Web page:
Do You Fish Or Not During Coronavirus Pandemic? [Simple Answer]

Coronavirus or COVID-19 has turned into a pandemic and is now affecting the economy worldwide. A lot of shops are already closed for the time being, and businesses are struggling with the current situation. Along with this global crisis, fishing is one of the areas where coronavirus had a negative impact.

Fishermen are now wondering whether they should carry on with their business or not, and how they can protect themselves against the new disease.

In this article, we will clarify the situation for you and let you know what can be done about it. So, without any further ado, let’s jump right into it.

Short Answer:

It is up to you whether you should continue to go fishing or not. However, if you are not a licensed fisherman who does this for a living, then there is no need to put your health at risk, especially if you live in an infected area. It is better to just stay home until it’s all settled. On the other hand, if you are running a business, then let us tell you your options and how you can protect yourself and your family.

The Effect of the Novel Coronavirus (COVID-19) on the Fishing Industry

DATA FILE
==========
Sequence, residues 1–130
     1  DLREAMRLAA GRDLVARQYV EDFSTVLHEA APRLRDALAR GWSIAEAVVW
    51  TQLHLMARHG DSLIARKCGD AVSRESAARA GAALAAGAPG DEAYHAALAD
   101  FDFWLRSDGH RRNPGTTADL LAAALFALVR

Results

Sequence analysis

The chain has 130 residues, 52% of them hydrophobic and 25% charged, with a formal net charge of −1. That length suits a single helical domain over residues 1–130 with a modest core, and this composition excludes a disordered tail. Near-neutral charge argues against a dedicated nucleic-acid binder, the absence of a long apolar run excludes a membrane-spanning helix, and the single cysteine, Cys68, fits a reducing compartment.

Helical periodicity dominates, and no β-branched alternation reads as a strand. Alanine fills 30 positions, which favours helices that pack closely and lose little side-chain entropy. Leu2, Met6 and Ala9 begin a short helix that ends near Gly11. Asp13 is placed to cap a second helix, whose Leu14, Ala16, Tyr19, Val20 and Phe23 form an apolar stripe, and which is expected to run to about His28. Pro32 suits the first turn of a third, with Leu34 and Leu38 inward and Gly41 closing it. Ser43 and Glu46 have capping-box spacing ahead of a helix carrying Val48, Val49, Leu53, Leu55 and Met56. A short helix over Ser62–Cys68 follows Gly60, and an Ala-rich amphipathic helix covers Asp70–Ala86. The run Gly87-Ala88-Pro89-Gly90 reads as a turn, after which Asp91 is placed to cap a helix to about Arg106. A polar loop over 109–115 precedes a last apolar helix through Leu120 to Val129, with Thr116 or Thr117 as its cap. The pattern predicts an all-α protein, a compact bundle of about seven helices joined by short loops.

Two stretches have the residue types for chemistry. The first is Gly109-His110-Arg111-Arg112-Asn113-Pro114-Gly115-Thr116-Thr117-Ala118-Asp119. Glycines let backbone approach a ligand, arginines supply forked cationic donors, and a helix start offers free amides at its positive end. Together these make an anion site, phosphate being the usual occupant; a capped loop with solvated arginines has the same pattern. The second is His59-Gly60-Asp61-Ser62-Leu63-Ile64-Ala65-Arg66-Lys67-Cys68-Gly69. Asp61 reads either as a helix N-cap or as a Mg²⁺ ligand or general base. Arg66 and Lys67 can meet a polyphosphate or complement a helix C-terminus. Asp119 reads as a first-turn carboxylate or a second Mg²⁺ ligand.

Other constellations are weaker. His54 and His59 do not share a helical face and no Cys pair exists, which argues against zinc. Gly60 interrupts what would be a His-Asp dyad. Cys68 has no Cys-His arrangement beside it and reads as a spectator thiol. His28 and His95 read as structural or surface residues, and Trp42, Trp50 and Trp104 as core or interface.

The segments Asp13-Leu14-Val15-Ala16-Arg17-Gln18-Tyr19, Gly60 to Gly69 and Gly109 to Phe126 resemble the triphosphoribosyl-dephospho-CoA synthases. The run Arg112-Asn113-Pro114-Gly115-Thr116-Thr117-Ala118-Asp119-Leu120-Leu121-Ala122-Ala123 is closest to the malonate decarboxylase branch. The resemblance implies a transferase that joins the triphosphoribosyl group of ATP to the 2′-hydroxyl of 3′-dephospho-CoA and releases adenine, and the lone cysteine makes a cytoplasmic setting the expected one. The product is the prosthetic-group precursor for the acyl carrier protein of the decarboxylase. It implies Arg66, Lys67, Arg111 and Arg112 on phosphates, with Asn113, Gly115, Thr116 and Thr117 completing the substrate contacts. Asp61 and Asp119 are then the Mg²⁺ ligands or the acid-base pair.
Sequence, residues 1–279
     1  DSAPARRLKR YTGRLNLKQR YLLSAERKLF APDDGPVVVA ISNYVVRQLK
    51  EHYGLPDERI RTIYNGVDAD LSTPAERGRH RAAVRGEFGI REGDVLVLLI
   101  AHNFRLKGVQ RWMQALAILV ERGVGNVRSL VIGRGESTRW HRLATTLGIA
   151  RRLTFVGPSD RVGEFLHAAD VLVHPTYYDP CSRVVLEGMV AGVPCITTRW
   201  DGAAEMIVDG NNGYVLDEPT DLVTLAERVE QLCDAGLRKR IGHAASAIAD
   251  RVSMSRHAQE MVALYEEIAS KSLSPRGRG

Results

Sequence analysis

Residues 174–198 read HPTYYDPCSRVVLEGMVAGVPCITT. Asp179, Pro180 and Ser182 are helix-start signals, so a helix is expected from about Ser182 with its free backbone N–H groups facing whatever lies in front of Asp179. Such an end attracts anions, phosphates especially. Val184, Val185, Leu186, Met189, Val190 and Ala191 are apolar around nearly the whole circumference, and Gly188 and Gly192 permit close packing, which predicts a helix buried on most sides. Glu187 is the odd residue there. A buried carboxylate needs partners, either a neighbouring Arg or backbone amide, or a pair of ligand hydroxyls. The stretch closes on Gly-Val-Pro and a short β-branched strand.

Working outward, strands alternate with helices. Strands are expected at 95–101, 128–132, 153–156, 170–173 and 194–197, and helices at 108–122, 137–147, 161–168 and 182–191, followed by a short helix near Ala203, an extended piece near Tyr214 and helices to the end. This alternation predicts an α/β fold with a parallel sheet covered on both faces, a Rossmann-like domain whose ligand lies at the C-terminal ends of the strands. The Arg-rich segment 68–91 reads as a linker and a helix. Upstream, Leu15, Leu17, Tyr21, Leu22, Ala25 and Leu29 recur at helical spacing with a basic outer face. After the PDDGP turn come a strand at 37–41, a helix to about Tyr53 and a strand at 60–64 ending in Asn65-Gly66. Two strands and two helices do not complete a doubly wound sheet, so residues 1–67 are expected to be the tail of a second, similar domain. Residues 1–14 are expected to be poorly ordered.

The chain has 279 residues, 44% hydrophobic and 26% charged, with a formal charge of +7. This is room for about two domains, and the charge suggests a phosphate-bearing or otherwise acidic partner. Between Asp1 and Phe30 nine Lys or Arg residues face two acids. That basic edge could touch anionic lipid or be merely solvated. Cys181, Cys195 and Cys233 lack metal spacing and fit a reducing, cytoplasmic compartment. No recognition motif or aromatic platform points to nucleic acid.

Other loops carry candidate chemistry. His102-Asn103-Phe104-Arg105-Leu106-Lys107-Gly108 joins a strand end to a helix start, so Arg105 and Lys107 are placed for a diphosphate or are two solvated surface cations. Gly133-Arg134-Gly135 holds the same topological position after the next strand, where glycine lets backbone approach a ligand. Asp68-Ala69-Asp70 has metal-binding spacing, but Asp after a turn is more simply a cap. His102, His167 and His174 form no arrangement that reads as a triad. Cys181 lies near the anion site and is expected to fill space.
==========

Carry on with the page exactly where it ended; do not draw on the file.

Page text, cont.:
Sadly, the COVID-19 virus has affected a lot of the global aspects, and the fishing industry happens to be one of them. As you may know, social distancing is one of the primary keys to limit the spread of the virus. In return, harbors are reducing their services with a significant limitation on charter boat operations; also, bait shops are closing.

One thing that you should notice is that the prices of the fish have dramatically fallen, which has a negative impact on fishermen. Not only do people have difficulties in traveling a distance to buy good fish, but the restrictions are forcing fish restaurants to close, which is making things even worse for fishermen.

The Demand Market for Fish

Surprisingly, people are not discouraged from eating fish during the coronavirus pandemic. A lot of environmental groups that were previously fighting for animal rights and pushing back on overfishing are now motivating people to eat more seafood and incorporate it into their diets.

According to a recent article by the Los Angeles Times, Eric Schwaab, a senior vice president for the Environmental Defense Fund’s oceans program, stated that the American fisheries had become one of the best managed and most sustainable worldwide thanks to the policy reforms and the efforts of the fisherman. However, he requested that people show more support to these fishermen who are struggling with the current economic chaos due to the collapse of the exporting markets and restaurant closures.

How Are Fishermen Reacting to the Current Situation?